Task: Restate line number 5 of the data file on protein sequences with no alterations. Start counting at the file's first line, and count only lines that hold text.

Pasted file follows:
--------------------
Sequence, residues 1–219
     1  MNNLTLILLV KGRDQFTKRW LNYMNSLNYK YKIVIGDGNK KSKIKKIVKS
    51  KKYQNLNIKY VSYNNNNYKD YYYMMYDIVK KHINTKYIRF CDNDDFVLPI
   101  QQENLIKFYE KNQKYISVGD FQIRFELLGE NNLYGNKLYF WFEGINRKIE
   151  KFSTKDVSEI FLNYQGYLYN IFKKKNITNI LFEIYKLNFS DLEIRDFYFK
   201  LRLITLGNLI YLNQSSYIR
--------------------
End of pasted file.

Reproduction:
   151  KFSTKDVSEI FLNYQGYLYN IFKKKNITNI LFEIYKLNFS DLEIRDFYFK